Section 420-G:14-b

    420-G:14-b Prohibited Transactions. – No health care provider shall submit a claim for reimbursement, or otherwise accept payment, for health care services provided to a patient covered by individual health insurance if the provider has paid the premium for such individual health insurance.

Source. 1998, 340:16, eff. Aug. 25, 1998.

Section 420-G:14-c

    420-G:14-c Repealed by 2003, 188:17, eff. Jan. 1, 2009. –

Section 420-G:15

    420-G:15 Severability. – If any provision of this chapter or the application thereof to any person or circumstance is held invalid, the invalidity does not affect other provisions or applications of the chapter which can be given effect without the invalid provisions or applications, and to this end the provisions of this chapter are severable.

Source. 1997, 344:1, eff. July 1, 1997.

Section 420-G:16

    420-G:16 Penalties for Violations. –
Any health carrier who proposes, advertises, solicits, issues or delivers to any person or entity in this state any form which does not comply with this chapter or who shall in any way violate this chapter may:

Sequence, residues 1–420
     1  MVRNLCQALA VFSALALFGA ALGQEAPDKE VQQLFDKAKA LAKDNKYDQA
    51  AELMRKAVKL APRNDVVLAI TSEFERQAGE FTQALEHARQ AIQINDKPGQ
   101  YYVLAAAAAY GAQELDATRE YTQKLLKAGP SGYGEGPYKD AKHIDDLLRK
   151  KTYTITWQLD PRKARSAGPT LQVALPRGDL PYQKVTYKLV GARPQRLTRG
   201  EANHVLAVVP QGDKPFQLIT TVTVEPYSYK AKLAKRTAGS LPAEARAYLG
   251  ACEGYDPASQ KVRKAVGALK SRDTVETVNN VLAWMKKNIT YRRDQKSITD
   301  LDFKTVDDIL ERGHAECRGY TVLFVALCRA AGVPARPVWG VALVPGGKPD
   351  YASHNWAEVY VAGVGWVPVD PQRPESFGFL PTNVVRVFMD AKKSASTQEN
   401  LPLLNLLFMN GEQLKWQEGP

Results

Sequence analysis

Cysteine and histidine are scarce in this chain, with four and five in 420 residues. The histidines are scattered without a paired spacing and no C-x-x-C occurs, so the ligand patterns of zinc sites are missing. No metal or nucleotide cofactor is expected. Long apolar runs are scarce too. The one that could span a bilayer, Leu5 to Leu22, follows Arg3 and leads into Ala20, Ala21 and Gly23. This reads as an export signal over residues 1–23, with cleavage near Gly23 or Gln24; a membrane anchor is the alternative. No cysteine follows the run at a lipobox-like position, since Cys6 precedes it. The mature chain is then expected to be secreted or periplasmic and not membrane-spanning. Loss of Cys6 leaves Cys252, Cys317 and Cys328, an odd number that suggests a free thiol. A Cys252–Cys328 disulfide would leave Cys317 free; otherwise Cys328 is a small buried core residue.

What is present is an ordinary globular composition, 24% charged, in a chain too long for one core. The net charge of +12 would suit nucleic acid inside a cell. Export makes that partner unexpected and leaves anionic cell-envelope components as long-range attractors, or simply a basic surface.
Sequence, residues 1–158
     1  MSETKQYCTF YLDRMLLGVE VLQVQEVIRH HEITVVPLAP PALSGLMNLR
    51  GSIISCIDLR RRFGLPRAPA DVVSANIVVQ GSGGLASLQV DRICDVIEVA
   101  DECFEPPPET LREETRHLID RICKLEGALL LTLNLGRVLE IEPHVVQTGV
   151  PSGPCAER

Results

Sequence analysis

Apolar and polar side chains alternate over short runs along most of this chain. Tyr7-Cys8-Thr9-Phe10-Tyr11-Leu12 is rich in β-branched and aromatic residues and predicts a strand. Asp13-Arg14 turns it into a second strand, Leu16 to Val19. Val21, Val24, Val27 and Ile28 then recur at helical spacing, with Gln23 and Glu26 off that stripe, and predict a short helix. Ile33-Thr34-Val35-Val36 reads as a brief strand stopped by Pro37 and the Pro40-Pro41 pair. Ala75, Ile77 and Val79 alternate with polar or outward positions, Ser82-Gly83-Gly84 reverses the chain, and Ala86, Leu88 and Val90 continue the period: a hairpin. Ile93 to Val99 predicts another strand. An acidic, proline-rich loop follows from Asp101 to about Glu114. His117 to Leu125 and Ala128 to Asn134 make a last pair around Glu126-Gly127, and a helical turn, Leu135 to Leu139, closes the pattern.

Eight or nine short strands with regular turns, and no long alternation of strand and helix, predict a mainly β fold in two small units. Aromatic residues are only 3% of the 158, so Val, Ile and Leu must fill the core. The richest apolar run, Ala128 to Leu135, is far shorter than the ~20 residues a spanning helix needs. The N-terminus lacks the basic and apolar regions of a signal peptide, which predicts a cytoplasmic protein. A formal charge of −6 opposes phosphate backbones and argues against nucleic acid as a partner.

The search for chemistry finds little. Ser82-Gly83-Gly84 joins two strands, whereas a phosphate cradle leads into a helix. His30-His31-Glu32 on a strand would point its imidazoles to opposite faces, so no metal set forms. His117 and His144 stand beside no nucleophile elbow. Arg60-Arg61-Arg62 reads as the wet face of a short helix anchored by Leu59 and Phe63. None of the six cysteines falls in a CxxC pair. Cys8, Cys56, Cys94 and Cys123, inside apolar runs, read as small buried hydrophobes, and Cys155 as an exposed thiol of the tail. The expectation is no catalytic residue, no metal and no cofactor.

I. Be prohibited from marketing, selling, or otherwise administering to the individual or small employer market if the commissioner finds a health carrier to be in violation of RSA 420-G.
II. Be subject to an administrative fine not to exceed $2,500 for each violation. Repeated violations of the same chapter shall constitute separate fineable offenses.
III. Have its certificate of authority indefinitely suspended or revoked at the discretion of the commissioner.

Source. 1997, 344:1, eff. July 1, 1997.